Changes in the delivery of health care have resulted in new sites for rehabilitation of patients with severe brain injury (BI). Adjustments in the training of resident physicians in physical medicine and rehabilitation are likely to ensue. We utilized Likert scales and open-ended questions to survey residents who were assigned over a 2 1/4 year period to a subacute BI rehabilitation unit (SRU). Residents were surveyed about their desire to participate in a SRU training site, and the usefulness of such a rotation, and compared the rotation to traditional settings in which patients with similar diagnoses were treated. The results indicated that significant positive changes in residents' attitudes towards this type of training site occurred (p = 0.01). The rotation was felt to be useful (p = 0.008) despite initial misgivings. Positive educational aspects were exposure to the unique problems of patients with severe BI (e.g. spasticity and agitation) and a sense of independence and competence in leadership roles. Problematic aspects included the management of medically unstable patients without supportive resources, and a lack of nurses trained in rehabilitation principles. Training of residents in the rehabilitation management of patients with severe BI can be perceived as a valuable educational experience by trainees.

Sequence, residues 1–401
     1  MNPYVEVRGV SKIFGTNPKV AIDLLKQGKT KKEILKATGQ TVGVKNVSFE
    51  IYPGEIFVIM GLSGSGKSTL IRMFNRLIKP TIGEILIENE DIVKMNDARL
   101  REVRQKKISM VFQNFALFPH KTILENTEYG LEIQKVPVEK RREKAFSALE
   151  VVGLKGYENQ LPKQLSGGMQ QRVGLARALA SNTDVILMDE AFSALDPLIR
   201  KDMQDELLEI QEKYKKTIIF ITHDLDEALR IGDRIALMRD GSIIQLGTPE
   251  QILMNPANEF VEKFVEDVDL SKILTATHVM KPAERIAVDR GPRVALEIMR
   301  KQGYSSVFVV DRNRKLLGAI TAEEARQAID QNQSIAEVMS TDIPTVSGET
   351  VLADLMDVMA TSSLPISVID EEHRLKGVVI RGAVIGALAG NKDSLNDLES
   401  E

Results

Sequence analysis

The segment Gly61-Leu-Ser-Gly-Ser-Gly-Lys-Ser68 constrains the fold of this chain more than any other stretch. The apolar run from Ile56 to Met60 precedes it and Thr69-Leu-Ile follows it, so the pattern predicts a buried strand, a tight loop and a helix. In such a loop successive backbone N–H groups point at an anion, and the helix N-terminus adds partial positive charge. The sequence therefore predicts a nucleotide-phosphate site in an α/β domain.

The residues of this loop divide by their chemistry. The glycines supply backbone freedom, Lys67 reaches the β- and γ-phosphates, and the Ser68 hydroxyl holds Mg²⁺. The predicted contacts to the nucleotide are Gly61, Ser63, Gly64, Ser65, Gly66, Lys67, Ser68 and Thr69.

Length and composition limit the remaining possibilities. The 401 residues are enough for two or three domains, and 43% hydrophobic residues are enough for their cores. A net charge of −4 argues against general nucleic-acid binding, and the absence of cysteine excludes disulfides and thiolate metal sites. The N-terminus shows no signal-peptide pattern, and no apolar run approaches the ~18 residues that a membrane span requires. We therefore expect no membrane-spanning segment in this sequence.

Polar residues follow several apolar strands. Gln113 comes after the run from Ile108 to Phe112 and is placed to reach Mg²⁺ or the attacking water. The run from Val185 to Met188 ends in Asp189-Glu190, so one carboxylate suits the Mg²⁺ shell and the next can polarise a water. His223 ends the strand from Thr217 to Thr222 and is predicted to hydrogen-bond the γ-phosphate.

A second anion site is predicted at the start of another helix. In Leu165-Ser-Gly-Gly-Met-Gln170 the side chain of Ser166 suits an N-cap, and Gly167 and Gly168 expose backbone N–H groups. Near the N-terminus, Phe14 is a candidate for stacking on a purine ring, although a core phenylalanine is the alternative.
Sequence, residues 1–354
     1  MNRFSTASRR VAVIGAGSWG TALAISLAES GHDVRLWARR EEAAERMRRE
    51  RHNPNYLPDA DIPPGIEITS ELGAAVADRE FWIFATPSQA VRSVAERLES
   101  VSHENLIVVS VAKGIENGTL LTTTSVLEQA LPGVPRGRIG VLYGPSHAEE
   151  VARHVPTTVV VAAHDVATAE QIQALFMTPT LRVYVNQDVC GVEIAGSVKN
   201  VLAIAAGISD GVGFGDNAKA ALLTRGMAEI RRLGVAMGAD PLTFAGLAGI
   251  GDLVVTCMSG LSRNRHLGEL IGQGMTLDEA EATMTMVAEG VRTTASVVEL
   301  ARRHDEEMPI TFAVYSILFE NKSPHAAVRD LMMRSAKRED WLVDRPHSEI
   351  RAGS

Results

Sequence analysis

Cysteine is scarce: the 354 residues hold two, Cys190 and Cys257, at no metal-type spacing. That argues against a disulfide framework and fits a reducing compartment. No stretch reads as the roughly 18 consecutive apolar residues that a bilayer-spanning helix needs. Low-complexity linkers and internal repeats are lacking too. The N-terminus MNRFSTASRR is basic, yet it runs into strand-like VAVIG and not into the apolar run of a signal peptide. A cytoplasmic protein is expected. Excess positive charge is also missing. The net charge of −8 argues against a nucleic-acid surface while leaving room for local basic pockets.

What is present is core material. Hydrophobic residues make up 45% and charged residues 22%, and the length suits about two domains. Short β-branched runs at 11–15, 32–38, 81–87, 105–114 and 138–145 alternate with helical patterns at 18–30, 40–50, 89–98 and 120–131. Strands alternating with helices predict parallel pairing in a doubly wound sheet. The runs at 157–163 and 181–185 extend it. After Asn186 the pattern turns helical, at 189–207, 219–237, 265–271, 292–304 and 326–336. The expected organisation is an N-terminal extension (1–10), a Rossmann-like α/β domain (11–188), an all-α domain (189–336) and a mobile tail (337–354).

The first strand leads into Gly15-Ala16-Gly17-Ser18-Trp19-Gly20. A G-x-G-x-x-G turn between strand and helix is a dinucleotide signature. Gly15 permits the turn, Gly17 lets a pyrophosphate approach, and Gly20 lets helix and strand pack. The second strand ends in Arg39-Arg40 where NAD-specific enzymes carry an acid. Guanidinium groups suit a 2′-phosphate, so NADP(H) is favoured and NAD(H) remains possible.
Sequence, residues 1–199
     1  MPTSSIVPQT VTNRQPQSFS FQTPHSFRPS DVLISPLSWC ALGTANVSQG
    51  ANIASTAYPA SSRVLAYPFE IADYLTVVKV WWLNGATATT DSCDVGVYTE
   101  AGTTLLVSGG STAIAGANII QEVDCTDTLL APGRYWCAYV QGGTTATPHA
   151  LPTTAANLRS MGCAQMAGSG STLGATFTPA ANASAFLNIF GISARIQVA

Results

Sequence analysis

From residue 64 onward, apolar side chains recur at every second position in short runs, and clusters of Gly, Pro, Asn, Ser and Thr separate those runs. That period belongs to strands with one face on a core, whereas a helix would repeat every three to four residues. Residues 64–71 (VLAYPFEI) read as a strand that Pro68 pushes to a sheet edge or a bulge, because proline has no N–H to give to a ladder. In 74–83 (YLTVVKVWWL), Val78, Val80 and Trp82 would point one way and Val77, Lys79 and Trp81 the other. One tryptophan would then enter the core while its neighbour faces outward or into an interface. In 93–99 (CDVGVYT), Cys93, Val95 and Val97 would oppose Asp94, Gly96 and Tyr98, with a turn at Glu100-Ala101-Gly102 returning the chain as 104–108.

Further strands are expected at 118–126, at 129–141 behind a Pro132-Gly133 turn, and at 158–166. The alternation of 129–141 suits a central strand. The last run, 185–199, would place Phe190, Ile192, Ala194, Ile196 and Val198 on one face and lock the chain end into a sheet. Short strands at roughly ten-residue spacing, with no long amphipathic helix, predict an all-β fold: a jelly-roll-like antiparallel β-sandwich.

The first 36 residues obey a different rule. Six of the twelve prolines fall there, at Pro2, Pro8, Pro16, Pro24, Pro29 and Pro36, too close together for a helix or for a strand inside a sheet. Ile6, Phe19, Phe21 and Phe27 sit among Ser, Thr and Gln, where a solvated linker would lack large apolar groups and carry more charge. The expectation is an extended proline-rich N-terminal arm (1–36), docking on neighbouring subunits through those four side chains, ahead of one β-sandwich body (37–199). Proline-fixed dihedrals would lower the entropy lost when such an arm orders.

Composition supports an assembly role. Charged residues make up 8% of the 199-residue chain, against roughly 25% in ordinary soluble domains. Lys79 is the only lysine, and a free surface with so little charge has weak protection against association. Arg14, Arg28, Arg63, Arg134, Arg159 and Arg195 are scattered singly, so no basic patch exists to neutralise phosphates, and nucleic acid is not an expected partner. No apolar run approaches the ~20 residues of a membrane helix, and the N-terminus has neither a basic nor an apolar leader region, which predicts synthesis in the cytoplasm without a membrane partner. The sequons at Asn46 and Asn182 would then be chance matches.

|Original language||English (US)|
|Number of pages||7|
|Publication status||Published - Dec 1996|
ASJC Scopus subject areas
- Clinical Neurology